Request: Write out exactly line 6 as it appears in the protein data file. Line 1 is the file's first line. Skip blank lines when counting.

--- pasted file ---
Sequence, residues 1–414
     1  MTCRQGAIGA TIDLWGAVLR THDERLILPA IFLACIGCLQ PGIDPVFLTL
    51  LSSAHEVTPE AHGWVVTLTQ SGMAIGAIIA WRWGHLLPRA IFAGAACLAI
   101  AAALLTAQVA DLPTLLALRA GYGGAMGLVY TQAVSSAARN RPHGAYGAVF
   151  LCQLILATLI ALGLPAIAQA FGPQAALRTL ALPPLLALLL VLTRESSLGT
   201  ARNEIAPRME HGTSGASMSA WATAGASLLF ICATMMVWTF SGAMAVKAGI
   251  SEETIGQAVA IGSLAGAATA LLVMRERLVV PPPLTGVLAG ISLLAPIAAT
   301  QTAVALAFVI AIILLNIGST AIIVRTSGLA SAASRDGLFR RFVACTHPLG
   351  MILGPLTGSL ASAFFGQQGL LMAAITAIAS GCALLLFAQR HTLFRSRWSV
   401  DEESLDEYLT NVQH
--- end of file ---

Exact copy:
   201  ARNEIAPRME HGTSGASMSA WATAGASLLF ICATMMVWTF SGAMAVKAGI